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TB epidemic fear as public health services in Hackney face cuts

PUBLISHED: 11:46 18 April 2013 | UPDATED: 11:51 18 April 2013

A doctor writing down female patient's symptoms. Picture: PA/Thinkstockphotos.

A doctor writing down female patient's symptoms. Picture: PA/Thinkstockphotos.

Archant

Fears are mounting that TB could be on the rise again in Hackney after it emerged this week that public health services could be permanently cut after coming under local authority control.

Under the move, two services – tuberculosis (TB) testing and smoking cessation clinics – have been earmarked for closure.

In an email which has been seen by the Gazette, the borough’s GPs were told by Hackney Council that these services “will not be rolled over into 2013 to 14”.

The move prompts fears that TB rates in the borough – which were the fourth highest in London in 2011 – could increase if the TB service is cut. The dangerous disease is highly infectious and can be spread through coughing and sneezing. Over the last 20 years, TB rates have increased in the UK and London now has higher rates than any other city in Europe. The service funds testing of people from high risk countries such as North Korea, South Africa and Angola.

Professor Chris Griffiths, who led research which showed general practice was the best place to screen for tuberculosis, said cutting the service would be a regressive step. He said: “As part of my research we carried out a big trial which included all the practices in Hackney.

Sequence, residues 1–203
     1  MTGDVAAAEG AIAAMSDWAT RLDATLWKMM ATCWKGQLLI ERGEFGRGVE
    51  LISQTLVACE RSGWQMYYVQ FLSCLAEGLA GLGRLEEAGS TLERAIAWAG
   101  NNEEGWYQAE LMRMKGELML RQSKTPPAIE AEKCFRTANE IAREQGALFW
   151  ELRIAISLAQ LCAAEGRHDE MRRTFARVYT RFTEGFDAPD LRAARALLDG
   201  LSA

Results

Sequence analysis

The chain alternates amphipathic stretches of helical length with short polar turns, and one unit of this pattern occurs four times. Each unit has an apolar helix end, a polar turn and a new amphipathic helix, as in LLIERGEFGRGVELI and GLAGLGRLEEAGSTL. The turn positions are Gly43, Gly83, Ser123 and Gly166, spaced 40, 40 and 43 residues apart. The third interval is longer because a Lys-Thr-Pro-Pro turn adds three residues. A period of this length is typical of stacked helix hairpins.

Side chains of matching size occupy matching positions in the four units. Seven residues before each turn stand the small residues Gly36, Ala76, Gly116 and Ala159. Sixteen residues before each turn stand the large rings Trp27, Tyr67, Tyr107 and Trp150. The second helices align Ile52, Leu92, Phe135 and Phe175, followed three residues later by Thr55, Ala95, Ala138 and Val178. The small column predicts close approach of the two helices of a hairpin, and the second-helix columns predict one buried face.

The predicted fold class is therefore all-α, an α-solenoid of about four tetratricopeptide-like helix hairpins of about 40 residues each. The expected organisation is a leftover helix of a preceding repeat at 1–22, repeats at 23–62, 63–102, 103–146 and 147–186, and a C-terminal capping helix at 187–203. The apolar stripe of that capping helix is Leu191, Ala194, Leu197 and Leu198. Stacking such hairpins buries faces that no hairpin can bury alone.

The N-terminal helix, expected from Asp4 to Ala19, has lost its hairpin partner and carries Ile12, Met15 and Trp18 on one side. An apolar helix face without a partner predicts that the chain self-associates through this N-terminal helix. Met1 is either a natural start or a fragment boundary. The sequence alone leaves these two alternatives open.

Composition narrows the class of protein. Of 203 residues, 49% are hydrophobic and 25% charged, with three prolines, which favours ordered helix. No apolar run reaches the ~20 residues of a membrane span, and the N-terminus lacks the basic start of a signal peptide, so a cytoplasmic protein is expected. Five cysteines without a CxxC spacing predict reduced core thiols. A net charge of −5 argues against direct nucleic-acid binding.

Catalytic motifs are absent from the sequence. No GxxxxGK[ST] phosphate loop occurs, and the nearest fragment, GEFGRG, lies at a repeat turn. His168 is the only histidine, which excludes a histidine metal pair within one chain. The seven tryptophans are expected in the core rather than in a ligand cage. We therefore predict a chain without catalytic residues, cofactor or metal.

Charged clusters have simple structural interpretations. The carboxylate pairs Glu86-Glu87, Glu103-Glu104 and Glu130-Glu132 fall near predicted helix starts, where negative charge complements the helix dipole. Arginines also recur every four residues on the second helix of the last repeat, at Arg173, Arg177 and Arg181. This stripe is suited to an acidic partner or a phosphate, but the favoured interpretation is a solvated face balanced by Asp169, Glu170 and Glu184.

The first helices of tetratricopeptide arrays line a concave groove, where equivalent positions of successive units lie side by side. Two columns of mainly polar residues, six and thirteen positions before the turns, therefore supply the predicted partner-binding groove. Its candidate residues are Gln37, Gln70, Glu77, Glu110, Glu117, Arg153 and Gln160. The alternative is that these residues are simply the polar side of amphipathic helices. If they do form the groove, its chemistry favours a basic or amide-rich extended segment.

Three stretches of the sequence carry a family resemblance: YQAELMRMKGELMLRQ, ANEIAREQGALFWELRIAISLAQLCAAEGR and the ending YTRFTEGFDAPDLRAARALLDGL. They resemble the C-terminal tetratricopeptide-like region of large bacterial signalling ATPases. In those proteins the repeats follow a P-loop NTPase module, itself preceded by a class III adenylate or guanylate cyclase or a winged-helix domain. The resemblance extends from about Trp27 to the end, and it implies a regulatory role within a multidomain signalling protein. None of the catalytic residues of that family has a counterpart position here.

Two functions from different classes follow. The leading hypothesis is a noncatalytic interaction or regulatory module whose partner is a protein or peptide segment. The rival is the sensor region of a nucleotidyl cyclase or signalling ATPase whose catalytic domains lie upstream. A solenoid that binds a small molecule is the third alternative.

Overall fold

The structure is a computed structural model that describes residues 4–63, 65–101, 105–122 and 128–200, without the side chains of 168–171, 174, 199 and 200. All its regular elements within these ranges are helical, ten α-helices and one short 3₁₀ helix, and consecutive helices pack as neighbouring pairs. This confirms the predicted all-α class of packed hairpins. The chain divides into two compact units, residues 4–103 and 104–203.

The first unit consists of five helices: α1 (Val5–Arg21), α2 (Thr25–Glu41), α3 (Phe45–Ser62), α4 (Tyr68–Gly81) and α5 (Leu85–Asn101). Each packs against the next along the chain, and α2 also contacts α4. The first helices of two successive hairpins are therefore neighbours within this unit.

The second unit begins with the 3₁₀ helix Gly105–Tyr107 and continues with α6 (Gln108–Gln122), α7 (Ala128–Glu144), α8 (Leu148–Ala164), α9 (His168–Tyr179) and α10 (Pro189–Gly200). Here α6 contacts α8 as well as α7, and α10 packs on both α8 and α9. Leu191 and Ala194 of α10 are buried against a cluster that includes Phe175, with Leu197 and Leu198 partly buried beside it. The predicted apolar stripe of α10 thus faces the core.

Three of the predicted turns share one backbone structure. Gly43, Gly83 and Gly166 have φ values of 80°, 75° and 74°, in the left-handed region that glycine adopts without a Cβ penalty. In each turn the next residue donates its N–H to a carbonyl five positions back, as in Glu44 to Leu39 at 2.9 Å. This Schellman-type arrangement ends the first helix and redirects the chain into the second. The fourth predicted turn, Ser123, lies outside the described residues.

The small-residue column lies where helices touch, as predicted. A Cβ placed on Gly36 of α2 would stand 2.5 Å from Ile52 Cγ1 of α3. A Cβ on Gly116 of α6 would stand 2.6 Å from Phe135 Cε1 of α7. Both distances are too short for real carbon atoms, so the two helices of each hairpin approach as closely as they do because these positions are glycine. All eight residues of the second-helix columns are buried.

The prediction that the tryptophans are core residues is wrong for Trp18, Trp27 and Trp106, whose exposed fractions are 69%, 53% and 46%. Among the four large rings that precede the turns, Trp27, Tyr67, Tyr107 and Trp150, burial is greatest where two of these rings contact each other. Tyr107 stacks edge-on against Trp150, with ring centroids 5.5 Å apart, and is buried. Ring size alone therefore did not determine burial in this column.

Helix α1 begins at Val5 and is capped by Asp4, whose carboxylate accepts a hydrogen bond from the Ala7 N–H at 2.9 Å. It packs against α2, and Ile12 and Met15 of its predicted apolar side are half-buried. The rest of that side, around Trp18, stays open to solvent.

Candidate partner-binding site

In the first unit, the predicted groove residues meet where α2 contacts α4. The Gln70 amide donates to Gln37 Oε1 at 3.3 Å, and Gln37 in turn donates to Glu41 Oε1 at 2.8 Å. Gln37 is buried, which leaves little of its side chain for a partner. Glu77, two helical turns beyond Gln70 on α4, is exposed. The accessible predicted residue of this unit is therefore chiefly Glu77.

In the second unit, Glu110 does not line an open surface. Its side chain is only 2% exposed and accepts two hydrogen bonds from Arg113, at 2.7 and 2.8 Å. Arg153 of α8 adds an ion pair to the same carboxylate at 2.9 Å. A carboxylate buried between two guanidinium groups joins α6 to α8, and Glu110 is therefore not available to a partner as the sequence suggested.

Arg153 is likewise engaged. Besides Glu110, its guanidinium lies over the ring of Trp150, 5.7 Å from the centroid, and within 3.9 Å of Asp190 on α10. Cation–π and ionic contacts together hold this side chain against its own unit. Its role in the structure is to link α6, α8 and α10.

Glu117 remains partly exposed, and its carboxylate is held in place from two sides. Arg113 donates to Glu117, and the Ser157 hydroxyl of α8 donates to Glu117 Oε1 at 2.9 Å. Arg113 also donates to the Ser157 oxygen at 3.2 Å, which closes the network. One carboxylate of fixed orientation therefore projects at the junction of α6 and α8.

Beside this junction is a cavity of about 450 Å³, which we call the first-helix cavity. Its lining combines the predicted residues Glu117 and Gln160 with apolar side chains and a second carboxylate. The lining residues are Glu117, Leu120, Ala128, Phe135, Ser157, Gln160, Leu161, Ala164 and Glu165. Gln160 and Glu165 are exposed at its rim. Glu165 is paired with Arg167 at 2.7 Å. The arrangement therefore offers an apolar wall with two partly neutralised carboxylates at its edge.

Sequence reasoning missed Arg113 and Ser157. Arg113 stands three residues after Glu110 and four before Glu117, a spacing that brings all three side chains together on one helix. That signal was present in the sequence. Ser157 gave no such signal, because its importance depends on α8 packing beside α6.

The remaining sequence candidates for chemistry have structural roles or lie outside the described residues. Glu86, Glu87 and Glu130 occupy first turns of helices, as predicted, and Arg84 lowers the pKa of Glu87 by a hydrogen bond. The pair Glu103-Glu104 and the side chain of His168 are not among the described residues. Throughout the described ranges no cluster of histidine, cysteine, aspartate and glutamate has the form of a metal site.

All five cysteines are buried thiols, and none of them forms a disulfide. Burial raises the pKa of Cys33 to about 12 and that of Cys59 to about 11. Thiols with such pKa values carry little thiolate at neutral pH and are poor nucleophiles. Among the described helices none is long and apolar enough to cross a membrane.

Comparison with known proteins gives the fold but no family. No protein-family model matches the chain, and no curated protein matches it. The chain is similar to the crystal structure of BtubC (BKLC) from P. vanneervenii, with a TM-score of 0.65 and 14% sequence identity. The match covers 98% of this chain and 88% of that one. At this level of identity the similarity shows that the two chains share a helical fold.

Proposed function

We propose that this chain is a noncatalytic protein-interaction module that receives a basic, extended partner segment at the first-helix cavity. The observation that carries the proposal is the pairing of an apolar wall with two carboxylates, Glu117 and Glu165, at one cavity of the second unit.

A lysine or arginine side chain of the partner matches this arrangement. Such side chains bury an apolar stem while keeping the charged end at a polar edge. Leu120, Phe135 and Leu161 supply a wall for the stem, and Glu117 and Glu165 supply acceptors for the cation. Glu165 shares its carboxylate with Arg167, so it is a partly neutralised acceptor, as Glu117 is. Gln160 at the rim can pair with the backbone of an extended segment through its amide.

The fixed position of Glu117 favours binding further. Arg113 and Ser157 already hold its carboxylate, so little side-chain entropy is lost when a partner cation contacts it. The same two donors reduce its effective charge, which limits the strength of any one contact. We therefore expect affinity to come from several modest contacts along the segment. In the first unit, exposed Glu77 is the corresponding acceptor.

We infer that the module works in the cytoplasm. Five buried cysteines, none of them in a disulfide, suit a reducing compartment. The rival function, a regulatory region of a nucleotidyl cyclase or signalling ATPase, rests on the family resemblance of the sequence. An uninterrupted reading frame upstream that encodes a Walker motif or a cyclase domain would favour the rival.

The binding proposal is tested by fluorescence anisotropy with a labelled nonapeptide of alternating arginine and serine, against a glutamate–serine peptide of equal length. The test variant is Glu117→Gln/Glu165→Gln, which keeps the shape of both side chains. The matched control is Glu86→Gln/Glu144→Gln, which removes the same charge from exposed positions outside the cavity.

“Hackney is the only borough where TB rates have come down over the last few years. That is down to the screening in general practice. The TB Locally Enhanced Service (LES) has been successful. I don’t want it cut.

“Tuberculosis is one of the most dangerous infectious diseases in the world and the rate of drug resistance is rising rapidly. We can’t let it get out of control.”

Hackney also has one of the highest chronic obstructive pulmonary disease (COPD) rates in the country and the third highest rate in London. Smoking is understood to be the main cause of COPD and smoking clinics are used to tackle the problem.

Professor Griffiths added: “I would say that smoking is the leading cause of COPD. There’s pretty much good evidence that smoking cessation clinic work.”

Dr Nick Mann, of Well Street surgery in Shore Road, Hackney said: “It seems a very retrogressive step to withdraw TB and smoking services when COPD is such a big problem in Hackney. The lack of join-up between clinical led services and budget driven cuts can only widen as responsibility falls on the local authority rather than the CCG.”

A spokeswoman from Hackney Council said: “The two current projects will continue until July 2013. We are currently planning the next projects and GPs are involved with this.”

She insisted that the “projects” will be replaced.


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